Intersex manifestation in the rainbow darter (Etheostoma caeruleum): Are adult male fish susceptible to developing and recovering from intersex after exposure to endocrine active compounds?
Keegan A. Hicks,
Hadi A. Dhiyebi,
Leslie M. Bragg,
Mark E. McMaster,
Kirsten E. Nikel,
Maricor J. Arlos,
Mark R. Servos
Aquatic Toxicology, Volume 261
For over a decade, intersex has been observed in rainbow darter (RD) (Etheostoma caeruleum) populations living downstream wastewater treatment plants (WWTPs) in the Grand River, Ontario, Canada. To further our understanding of intersex development in adult male fish, the current study addressed three objectives: i) can intersex be induced in adult male fish, ii) is there a specific window of exposure when adult male fish are more susceptible to developing intersex, and iii) can pre-exposed adult male fish recover from intersex? To assess intersex induction in adult male fish, wild male RD were exposed in the laboratory for 22 weeks (during periods of spawning, gonadal regression, and gonadal recrudescence) to environmentally relevant concentrations of 17α-ethinylestradiol (EE2) including nominal 0, 1, and 10 ng/L. Intersex rates and severity at 10 ng/L EE2 were similar to those observed historically in adult male populations living downstream WWTPs in the Grand River and confirmed previous predictions that 1–10 ng/L EE2 would cause these adverse effects. To assess a window of sensitivity in developing intersex, male RD were exposed to nominal 0, 1 or 10 ng/L EE2 for 4 weeks during three different periods of gonadal development, including (i) spawning, (ii) early recrudescence and (iii) late recrudescence. These short-term exposures revealed that intersex incidence and severity were greater when RD were exposed while gonads were fully developed (during spawning) compared to periods of recrudescence. To assess if RD recover from intersex, wild fish were collected downstream WWTPs in the Grand River and assessed for intersex both before and after a 22-week recovery period in clean water that included gonadal regression and recrudescence. Results showed that fish did not recover from intersex, with intersex rates and severity similar to those both before and after the transition to clean water. This study further advances our knowledge on intersex manifestation in adult male fish including their sensitivity to endocrine active compounds during different periods of their annual reproductive cycle and their limited ability to recover from intersex after onset of the condition.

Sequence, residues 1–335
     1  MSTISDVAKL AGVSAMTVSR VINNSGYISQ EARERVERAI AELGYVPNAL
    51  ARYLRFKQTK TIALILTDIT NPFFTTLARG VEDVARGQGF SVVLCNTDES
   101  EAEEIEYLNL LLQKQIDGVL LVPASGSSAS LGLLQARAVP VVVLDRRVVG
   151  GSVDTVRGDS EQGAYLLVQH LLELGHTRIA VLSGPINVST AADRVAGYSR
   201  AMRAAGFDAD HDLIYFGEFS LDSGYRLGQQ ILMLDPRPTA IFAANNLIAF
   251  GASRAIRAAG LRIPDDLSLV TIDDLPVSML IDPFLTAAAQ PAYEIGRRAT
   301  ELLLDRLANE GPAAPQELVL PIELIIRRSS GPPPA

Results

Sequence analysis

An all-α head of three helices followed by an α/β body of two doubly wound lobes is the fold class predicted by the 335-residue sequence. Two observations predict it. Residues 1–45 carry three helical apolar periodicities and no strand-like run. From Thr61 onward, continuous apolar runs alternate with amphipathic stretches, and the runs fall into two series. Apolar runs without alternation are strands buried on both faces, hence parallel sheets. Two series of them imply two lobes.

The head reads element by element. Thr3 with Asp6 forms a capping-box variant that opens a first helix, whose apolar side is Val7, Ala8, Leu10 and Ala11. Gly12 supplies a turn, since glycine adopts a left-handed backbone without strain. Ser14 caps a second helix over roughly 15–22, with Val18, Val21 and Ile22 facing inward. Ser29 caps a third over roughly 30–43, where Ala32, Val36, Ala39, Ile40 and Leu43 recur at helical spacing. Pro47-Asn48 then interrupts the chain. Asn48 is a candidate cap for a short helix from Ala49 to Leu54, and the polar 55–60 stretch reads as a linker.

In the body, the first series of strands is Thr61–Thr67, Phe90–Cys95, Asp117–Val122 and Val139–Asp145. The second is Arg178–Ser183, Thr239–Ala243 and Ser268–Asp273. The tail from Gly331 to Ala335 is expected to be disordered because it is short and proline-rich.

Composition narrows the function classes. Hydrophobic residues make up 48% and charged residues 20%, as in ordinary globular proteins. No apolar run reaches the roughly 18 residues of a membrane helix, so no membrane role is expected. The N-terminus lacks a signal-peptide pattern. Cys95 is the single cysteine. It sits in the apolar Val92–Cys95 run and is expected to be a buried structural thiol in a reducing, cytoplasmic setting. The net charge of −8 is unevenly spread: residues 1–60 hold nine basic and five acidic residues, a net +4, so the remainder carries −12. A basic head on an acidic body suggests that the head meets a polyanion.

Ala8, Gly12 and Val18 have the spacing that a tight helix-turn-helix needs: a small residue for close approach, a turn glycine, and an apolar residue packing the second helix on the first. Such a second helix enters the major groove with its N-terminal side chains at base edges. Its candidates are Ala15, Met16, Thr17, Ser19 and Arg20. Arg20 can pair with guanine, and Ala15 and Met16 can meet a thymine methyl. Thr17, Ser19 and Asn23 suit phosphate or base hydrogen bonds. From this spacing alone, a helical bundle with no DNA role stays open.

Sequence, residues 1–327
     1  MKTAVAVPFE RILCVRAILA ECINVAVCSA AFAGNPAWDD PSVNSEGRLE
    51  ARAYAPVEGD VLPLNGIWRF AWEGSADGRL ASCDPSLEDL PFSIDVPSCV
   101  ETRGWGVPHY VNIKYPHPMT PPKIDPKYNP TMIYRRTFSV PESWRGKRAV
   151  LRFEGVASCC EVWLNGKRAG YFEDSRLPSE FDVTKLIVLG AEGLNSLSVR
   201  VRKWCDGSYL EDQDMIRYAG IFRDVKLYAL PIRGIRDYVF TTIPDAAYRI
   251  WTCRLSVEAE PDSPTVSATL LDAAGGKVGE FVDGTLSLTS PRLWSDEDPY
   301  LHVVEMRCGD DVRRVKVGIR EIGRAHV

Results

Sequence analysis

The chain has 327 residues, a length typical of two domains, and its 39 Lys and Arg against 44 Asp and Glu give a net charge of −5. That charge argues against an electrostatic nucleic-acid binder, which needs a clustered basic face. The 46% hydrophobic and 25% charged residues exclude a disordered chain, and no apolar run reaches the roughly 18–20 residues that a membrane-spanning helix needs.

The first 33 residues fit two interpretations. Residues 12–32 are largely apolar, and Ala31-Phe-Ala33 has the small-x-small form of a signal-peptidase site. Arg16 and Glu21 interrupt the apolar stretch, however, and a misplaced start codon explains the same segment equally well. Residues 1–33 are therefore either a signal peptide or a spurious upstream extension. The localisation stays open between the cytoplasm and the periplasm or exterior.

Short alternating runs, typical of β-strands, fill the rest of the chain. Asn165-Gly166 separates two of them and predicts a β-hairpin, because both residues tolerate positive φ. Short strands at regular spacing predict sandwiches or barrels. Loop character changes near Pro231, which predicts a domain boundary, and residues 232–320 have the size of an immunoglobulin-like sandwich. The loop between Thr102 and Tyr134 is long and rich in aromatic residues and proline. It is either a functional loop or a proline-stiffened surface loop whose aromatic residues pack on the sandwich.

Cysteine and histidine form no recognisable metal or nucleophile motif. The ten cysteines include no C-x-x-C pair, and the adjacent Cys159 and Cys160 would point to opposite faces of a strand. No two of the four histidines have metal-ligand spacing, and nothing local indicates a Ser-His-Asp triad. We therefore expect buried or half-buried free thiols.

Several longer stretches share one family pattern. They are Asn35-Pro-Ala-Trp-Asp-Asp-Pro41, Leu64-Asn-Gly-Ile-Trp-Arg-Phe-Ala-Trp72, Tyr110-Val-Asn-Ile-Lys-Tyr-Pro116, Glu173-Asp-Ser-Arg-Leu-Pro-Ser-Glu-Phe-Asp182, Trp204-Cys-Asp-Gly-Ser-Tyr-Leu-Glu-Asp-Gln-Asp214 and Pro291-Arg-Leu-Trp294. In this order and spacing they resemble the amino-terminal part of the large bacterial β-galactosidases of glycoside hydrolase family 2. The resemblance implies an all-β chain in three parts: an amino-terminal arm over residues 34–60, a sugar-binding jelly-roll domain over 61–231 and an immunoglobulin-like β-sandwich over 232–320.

In this study, the estrogenicity of two major wastewater treatment plant (WWTP) effluents located in the central reaches of the Grand River watershed in southern Ontario was estimated using population demographics, excretion rates, and treatment plant-specific removals. Due to the lack of data on estrogen concentrations from direct measurements at WWTPs, the treatment efficiencies through the plants were estimated using the information obtained from an effects-directed analysis. The results show that this approach could effectively estimate the estrogenicity of WWTP effluents, both before and after major infrastructure upgrades were made at the Kitchener WWTP. The model was then applied to several possible future scenarios including population growth and river low flow conditions. The scenario analyses showed that post-upgrade operation of the Kitchener WWTP will not release highly estrogenic effluent under the 2041 projected population increase (36%) or summer low flows. Similarly, the Waterloo WWTP treatment operation is also expected to improve once the upgrades have been fully implemented and is expected to effectively treat estrogens even under extreme scenarios of population growth and river flows. The developed model may be employed to support decision making on wastewater management strategies designed for environmental protection, especially on reducing the endocrine effects in fish exposed to WWTP effluents.
The present study examined in vitro 11-ketotestosterone and testosterone production by the testes of rainbow darter (Etheostoma caeruleum) collected from selected reference sites and downstream of 2 municipal wastewater treatment plants (MWWTPs; Waterloo and Kitchener) on the central Grand River (Ontario, Canada), over a 6-yr period (2011-2016). The main objective was to investigate if infrastructure upgrades at the Kitchener MWWTP in 2012 resulted in a recovery of this response in the post-upgrade period (2013-2016). Two supporting studies showed that the fall season is appropriate for measuring in vitro sex steroid production because it provides stable detection of steroid patterns, and that the sample handling practiced in the present study did not introduce a bias. Infrastructure upgrades of the Kitchener MWWTP resulted in significant reductions in ammonia and estrogenicity. After the upgrades, 11-ketotestosterone production by MWWTP-exposed fish increased in 2013 and it continued to recover throughout the study period of 2014 through 2016, returning to levels measured in reference fish. Testosterone production was less sensitive and it lacked consistency. The Waterloo MWWTP underwent some minor upgrades but the level of ammonia and estrogenicity remained variable over time. The production of 11-ketotestosterone and testosterone in rainbow darter below the Waterloo MWWTP was variable and without a clear recovery pattern over the course of the present study. The results of the present study demonstrated that measuring production of sex steroids (especially 11-ketotestosterone) over multiple years can be relevant for assessing responses in fish to environmental changes such as those resulting from major infrastructure upgrades. Environ Toxicol Chem 2018;37:501-514. © 2017 SETAC.